A Railway Pioneer


A Railway Pioneer

On International Women’s Day we’re going to look at a little-known female railway pioneer whose innovations are still making passengers’ journeys better 100 years on from her first work.

Born in Pennsylvania in 1885, Olive Dennis was a railway engineering pioneer.

Enrolling at Goucher College Baltimore in 1908 she earned a Batchelor of Arts before studying for a Master’s degree in Mathematics from Columbia University.

She worked as a teacher at a technical high school for 10 years before studying Civil Engineering at Cornell University, graduating in one year instead of the normal two years.

In 1921 Olive started working for Baltimore and Ohio Railroad as a civil engineering draftsman.

At the time it was so unusual a newspaper headline written about her appointment said “Women Civil Engineer Enjoys Technical Work.”

Soon after joining Baltimore and Ohio Railways she designed her first railroad bridge in Painsville Ohio.

After completion of the bridge, Dennis was quoted saying “There is no reason an engineer can’t be an engineer simply because no other woman has ever been one. A woman can achieve anything if she tries hard enough.”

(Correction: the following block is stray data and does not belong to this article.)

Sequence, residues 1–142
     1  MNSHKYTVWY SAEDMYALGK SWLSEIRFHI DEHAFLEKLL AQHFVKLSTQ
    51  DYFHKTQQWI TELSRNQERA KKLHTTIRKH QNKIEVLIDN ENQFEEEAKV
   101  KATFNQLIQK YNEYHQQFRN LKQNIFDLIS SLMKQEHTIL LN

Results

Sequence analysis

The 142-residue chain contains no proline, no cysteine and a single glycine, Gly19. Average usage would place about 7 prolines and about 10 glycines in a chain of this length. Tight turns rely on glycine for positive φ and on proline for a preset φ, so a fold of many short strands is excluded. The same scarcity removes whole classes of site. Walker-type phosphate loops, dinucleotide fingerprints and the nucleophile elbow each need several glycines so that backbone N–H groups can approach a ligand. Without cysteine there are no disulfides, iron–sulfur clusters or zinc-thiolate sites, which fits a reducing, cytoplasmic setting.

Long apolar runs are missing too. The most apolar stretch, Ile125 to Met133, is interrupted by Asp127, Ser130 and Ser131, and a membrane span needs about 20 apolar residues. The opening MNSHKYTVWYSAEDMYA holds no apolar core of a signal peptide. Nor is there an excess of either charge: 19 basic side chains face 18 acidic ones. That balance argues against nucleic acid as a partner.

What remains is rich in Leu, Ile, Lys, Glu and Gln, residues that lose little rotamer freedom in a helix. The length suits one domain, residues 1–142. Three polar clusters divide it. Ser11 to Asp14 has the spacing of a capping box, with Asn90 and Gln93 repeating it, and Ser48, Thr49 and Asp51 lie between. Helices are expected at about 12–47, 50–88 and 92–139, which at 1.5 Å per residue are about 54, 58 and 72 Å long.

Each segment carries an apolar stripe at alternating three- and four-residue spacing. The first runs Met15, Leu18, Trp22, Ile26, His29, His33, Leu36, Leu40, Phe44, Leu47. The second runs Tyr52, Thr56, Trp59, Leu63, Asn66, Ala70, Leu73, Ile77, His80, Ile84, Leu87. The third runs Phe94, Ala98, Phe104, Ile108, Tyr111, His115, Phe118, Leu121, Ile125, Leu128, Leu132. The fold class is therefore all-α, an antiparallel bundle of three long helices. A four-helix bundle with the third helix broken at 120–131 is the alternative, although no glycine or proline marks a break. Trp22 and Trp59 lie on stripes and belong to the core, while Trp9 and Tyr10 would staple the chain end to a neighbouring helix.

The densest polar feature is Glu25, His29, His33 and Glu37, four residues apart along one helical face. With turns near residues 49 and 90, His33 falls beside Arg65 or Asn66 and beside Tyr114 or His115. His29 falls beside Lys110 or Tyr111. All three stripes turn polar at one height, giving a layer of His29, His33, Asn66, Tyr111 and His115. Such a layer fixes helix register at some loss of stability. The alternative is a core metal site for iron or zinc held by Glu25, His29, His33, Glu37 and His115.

Moving into a new role as Engineer of Service, Dennis was a hands-on engineer, travelling on routes to test designs for improving passenger comfort, averaging 50,000 miles per year on, testing seat and mattress designs.

Some of the innovations we take for granted on the railways today are all the fruit of Olive’s imagination including partially reclining seats, dimmable overhead lights and stain resistant upholstery for seats.

Her work was praised by the Baltimore Sun who described her as ‘The woman who took the pain out of the train”

In 1931 she helped to implement the world’s first air-conditioned train, a luxury enjoyed by rail passengers today.

In 1947 she designed an entire train, The Cincinnatian, which incorporated all of her design improvements.

Olive was the first female member of American Railway Engineering Association and was elected a member of the British Women’s Engineering society.

Retiring in 1951, Olive Dennis left her mark on the global railway industry before passing away in 1957, aged 71.

We’ll leave her story with a quote which rings as true today as it was when she said it – “No matter how successful a business may be, it can gain greater success if it gives consideration to a woman’s viewpoint.”